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Mouth Ulcers, Symptoms and How to get rid of them

By LouisaKatimelObodai | self meida writer
Published 12 days ago - 87 views

Mouth ulcers — also known as *canker sores* — are normally small, painful lesions that develop in your mouth.

These sores can appear on any of the soft tissues of your mouth, including your lips, cheeks, gums, tongue, and floor and roof of your mouth. You can even develop mouth sores on your esophagus, the tube leading to your stomach.

Mouth ulcers can make eating, drinking, and talking uncomfortable.

Women, adolescents, and people with a family history of mouth ulcers are at higher risk for developing mouth ulcers.

 Mouth ulcers aren’t contagious and usually go away within one to two weeks.


There is no definite cause behind mouth ulcers. However, certain factors and triggers have been identified. These include:

-minor mouth injury from dental work, hard brushing, sports injury, or accidental bite

- burns from eating hot foods

-toothpastes and mouth rinses that contain sodium lauryl sulfate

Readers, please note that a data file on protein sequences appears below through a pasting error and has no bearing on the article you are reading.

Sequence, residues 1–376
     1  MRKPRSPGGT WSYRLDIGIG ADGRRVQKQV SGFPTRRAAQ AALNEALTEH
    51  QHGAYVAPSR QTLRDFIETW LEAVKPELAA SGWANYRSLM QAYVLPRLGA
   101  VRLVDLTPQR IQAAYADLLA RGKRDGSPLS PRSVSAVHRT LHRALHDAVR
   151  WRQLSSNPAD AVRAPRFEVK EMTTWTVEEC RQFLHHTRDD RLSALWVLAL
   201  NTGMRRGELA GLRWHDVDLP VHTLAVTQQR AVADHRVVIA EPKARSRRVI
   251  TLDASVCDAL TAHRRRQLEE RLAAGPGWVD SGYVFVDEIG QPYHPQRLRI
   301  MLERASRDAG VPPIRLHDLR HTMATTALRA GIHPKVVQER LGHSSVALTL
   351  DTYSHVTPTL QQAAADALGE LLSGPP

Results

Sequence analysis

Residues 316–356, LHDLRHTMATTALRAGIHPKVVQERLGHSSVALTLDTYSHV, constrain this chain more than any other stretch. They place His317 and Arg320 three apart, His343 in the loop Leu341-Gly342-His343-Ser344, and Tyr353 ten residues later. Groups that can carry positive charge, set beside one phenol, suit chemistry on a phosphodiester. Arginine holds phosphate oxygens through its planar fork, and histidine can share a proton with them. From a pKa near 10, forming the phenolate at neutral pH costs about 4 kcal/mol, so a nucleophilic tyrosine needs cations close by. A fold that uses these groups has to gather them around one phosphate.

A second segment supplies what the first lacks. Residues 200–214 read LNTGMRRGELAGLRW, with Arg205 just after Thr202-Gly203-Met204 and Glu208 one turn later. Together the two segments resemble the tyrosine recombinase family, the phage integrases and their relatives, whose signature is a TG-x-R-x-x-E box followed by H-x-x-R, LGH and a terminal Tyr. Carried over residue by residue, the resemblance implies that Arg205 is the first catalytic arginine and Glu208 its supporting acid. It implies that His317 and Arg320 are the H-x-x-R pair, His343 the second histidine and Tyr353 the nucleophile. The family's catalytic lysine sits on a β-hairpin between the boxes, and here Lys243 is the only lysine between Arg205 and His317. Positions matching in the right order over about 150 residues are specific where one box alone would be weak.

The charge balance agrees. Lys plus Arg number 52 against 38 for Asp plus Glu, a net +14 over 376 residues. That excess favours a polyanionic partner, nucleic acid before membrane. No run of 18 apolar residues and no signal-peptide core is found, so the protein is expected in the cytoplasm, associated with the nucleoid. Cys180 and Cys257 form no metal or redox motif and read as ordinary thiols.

-food sensitivities to acidic foods like strawberries, citrus, and pineapples, and other trigger foods like chocolate and coffee

- reactions to certain medications

-lack of essential vitamins, especially B-12, zinc, folate, and iron

-hormonal changes during menstruation

-emotional stress or lack of sleep

bacterial viral, or fungal infections


Most mouth ulcers don’t need treatment. However, if you get mouth ulcers often or they’re extremely painful, a number of treatments can decrease pain and healing time. These include:

-using rinse of saltwater and baking soda

-placing milk of magnesia on the mouth ulcer

-covering mouth ulcers with baking soda paste

-using over-the-counter benzocaine (topical anesthetic) products 

-applying ice to canker sores

-using a mouth rinse that contains a steroid to reduce pain and swelling

You can take steps to reduce the occurrence of mouth ulcers. Avoiding foods that irritate your mouth can be helpful. That includes acidic fruits like pineapple, grapefruit, oranges, or lemon, as well as nuts, chips, or anything spicy.

Eat a healthy, well-balanced diet and take a daily multivitamin.

Avoid using hard or bristle toothbrush.

Try to avoid talking whilst chewing food to reduce accidental bites. Reducing stress and maintaining good oral hygiene by using dental floss daily and brushing after meals also may help. Finally, get adequate sleep and rest. This will not only prevent mouth ulcers, but a host of other illnesses as well.

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Written by Louisa Katimel Obodai

Content created and supplied by: LouisaKatimelObodai (via Opera News )


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